Researchers track slowly splitting ‘dent’ in Earth’s magnetic field
Earth’s magnetic field acts like a protective shield around the planet, repelling and trapping charged particles from the sun. But there’s an unusually weak spot in the field, a slowly expanding “dent” over South America and the southern Atlantic Ocean – called the South Atlantic Anomaly, or SAA – that allows these particles to dip closer to the surface than normal. The SAA developed as a result in changes to the motion of Earth’s core, according to an August 12, 2020, NASA statement.
Although the SAA arises from processes inside Earth, it has effects that reach far beyond Earth’s surface. Particle radiation in this region can knock out onboard computers and interfere with the data collection of satellites that pass through it. If a satellite is hit by a high-energy proton, it can short-circuit and cause an event called single event upset, or SEU. This can cause the satellite’s function to glitch temporarily or can cause permanent damage if a key component is hit. In order to avoid losing instruments or an entire satellite, operators commonly shut down non-essential components as they pass through the SAA.
And although the SAA currently creates no visible impacts on daily life on our planet’s surface, recent observations show that the region is expanding westward and continuing to weaken in intensity. It’s also splitting, say scientists. Recent data shows the anomaly’s valley, or region of minimum field strength, has split into two lobes, creating additional challenges for satellite missions.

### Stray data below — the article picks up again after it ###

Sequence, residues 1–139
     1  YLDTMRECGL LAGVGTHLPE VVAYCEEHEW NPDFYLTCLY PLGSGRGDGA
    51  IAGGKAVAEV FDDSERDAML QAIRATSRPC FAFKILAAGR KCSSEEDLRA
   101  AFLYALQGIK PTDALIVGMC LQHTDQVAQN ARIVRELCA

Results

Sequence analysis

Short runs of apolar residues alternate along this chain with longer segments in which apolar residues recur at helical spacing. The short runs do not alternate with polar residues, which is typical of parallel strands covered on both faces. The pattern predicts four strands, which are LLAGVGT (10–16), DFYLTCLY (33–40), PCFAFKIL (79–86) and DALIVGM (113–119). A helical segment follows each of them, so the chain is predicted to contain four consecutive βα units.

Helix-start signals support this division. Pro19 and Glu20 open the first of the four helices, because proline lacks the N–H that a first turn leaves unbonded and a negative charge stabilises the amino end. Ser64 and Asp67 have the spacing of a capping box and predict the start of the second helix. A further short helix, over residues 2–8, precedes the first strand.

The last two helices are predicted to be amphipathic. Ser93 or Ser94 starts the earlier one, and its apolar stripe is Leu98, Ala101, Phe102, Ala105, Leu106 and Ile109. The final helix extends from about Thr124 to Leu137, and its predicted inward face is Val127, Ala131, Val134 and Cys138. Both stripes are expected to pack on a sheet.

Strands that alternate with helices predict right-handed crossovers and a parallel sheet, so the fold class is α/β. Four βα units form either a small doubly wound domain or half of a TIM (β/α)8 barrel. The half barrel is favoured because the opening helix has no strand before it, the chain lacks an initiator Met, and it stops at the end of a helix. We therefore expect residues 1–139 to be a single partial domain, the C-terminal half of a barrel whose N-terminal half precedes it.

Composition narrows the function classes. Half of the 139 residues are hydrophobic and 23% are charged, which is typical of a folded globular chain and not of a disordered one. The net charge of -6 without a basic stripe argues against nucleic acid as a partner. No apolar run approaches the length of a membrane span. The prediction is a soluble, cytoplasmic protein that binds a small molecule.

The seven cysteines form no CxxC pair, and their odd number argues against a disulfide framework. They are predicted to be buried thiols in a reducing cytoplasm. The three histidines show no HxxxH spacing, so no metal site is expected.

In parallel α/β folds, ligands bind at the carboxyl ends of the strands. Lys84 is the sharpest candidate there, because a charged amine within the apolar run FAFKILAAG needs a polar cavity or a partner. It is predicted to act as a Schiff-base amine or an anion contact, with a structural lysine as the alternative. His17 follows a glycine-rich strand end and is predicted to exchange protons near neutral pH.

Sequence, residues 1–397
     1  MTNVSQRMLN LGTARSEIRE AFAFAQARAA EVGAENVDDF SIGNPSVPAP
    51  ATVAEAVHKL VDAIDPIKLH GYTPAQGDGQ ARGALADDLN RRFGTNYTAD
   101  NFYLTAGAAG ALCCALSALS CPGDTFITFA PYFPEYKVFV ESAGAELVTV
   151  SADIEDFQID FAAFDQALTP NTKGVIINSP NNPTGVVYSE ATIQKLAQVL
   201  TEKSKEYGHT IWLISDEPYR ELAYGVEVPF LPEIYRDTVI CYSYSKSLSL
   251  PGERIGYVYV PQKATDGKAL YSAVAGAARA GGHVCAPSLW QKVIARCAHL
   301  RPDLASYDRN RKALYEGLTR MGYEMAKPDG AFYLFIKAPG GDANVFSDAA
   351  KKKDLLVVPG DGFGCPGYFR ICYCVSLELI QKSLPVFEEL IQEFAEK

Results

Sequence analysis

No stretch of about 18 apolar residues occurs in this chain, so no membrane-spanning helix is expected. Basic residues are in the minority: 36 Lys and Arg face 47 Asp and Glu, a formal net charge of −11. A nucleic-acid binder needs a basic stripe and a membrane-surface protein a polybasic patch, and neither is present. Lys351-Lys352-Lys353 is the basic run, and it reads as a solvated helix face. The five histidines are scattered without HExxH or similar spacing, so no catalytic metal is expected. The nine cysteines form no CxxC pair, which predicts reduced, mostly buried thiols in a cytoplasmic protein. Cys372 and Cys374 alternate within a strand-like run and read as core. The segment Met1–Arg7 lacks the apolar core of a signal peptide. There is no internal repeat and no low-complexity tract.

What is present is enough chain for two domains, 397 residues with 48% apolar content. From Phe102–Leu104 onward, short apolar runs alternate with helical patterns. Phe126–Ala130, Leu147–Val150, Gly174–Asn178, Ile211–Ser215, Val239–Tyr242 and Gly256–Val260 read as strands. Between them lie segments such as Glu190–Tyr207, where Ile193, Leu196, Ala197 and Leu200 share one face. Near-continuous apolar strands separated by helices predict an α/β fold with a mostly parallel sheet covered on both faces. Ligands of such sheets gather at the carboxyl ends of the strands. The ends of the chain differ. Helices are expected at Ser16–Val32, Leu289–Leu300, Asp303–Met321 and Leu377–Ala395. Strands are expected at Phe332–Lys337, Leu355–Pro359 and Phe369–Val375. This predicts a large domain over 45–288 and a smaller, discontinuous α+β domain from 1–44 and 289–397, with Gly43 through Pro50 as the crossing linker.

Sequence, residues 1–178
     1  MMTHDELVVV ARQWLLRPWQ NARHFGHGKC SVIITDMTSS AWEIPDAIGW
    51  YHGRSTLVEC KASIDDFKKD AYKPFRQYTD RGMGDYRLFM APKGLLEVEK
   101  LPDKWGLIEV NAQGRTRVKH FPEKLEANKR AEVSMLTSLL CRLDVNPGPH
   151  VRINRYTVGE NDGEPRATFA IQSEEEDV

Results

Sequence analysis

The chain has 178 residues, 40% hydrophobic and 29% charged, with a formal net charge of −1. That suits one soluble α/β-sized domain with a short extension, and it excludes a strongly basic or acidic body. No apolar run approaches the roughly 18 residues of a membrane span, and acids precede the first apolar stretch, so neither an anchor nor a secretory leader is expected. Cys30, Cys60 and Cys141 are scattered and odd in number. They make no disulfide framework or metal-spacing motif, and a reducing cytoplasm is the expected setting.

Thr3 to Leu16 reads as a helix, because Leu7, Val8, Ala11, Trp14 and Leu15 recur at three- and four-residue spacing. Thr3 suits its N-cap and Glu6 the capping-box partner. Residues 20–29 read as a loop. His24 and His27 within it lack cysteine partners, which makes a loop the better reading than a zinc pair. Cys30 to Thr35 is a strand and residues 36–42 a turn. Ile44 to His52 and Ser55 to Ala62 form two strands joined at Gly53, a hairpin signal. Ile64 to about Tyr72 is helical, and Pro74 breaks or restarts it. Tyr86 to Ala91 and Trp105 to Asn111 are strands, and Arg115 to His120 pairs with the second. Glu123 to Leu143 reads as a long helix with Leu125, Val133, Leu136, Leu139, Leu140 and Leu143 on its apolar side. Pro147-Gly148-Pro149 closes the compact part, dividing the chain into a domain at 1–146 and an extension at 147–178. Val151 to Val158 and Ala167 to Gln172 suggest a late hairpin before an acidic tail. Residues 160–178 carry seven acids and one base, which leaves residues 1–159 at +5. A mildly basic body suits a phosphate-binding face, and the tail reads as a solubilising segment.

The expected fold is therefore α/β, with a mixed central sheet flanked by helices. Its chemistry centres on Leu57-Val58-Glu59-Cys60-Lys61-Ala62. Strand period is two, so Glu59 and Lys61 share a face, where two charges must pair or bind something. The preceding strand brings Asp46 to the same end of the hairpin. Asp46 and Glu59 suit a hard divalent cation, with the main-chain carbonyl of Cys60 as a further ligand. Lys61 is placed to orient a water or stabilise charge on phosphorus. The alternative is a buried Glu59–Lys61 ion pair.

The International Space Station (ISS), which is in low Earth orbit, also passes through the SAA. It is well protected, and astronauts are safe from harm while inside. However, the ISS has other passengers affected by the higher radiation levels: Instruments like the Global Ecosystem Dynamics Investigation mission, or GEDI, which collect data from various positions on the outside of the ISS. The SAA causes “blips” on GEDI’s detectors and resets the instrument’s power boards about once a month, said Bryan Blair, the mission’s deputy principal investigator and instrument scientist. Blair said:
These events cause no harm to GEDI. The detector blips are rare compared to the number of laser shots – about one blip in a million shots – and the reset line event causes a couple of hours of lost data, but it only happens every month or so.
A host of scientists in geomagnetic, geophysics, and heliophysics research groups observe and monitor the SAA to predict future changes, and help prepare for future challenges to satellites and humans in space. The South Atlantic Anomaly is also of interest to Earth scientists who monitor the changes in magnetic field strength there, both for how such changes affect Earth’s atmosphere and as an indicator of what’s happening to Earth’s magnetic fields deep inside the globe. Hear more from NASA scientists studying the SAA.
Even though the SAA is slow-moving, it is going through some change in morphology [shape and structure], so it’s also important that we keep observing it by having continued missions. Because that’s what helps us make models and predictions.
Bottom line: Researchers are tracking a slowly splitting “dent” in Earth’s magnetic field, called the South Atlantic Anomaly or SAA.